A Rapid Transit System is critical to creating an energetic, prosperous community in the Pike District. RTS is indispensable for improving the quality of life for a growing population and to attracting businesses and retailers to the Pike District.

We need to provide Montgomery County with the ability to efficiently and quickly create the kind of walkable, transit-friendly community so important to our future sustainability. An Independent Transit Authority is certainly a strong option to permit us to design and build out the RTS along Route 355 as quickly as possible.

Moving forward with RTS for Route 355 is vital for the County.  Delays will be highly detrimental to the successful transformation of the Pike District.  I urge the Transit Task Force to make rapid transit on Rockville Pike a top priority. In fact, we believe that a Bus Rapid Transit system on Route 355 should be the first line of the RTS.  A successful Rockville Pike line will demonstrate how RTS can have a positive impact in the community in a highly visible manner.  Fortunately, the White Flint area has the density, businesses and support to be a successful pilot.  Such a pilot program on Route 355 will make it easy to see a Rapid Transit System creating a vibrant, thriving community in the White Flint area.

From all of us at Friends of White Flint, thank you for your continued support of the White Flint Sector Plan.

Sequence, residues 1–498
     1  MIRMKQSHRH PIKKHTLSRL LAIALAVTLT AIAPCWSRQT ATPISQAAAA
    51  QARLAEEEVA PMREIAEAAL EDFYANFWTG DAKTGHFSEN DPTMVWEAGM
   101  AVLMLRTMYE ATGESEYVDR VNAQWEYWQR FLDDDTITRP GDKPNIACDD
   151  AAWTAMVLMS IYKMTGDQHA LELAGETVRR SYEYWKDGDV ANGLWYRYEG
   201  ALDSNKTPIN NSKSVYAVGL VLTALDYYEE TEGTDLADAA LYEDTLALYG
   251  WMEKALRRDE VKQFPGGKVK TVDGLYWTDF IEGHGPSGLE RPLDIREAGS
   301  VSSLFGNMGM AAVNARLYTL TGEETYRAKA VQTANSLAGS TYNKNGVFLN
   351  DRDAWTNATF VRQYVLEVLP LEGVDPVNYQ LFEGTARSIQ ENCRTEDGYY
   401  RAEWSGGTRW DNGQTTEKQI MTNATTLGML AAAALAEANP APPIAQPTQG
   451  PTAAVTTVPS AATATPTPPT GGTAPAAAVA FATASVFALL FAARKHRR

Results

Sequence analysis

A fun-filled Grill Night at Wall Park

Check out these happy photos from last night’s very fun, very successful, first-ever Grill Night at Wall Park. More than 75 people enjoyed music, food, and s’mores in our own Wall Park.  You won’t want to miss the next two Wall Park Grill Nights July 21 and August 18. (And a huge thank you to Montgomery Parks, Communities for Transit, and White Flint Downtown Advisory Committee for all their hard work organizing Grill Night.)

It’s S’more Time Tonight!

Grill Night Wall Park

Don’t forget — tonight is Grill Night at Wall Park. We’ll supply grills, the paper goods, snacks, and soft drinks, and most importantly, we’ll supply all the fixings for delish s’mores.  Also enjoy music by The Crimestoppers!

June 16, 6:30 to 8:30. Wall Park is located at 5900 Executive Blvd, right next to the Shriver Aquatic Center.  

Sponsored by Montgomery Parks, Communities for Transit, Downtown Advisory Committee, and of course, Friends of White Flint, Grill Night is going to be s’more fun for you and your friends and family.

Friends of White Flint in the Post

FOWF in the Post

Bill Turque wrote an insightful piece in yesterday’s Washington Post about the perils and potential around cycling in Montgomery County. (And for the record, we think it’s a good piece not just because Friends of White Flint Amy Ginsburg was quoted in it.)

In the article, Montgomery County officials said, “The goal is to connect a system left fragmented by years of ad hoc planning in which riders can sail along for miles on bike lanes or off-road trails only to hit dead ends — or intersections with wide, high-speed roads that are exceedingly difficult to cross.”

Bicycles are an important part of multi-modal travel, especially in the Pike District, so we thank the Post for bringing attention to this important issue and support the County’s efforts to make our area more bike-friendly.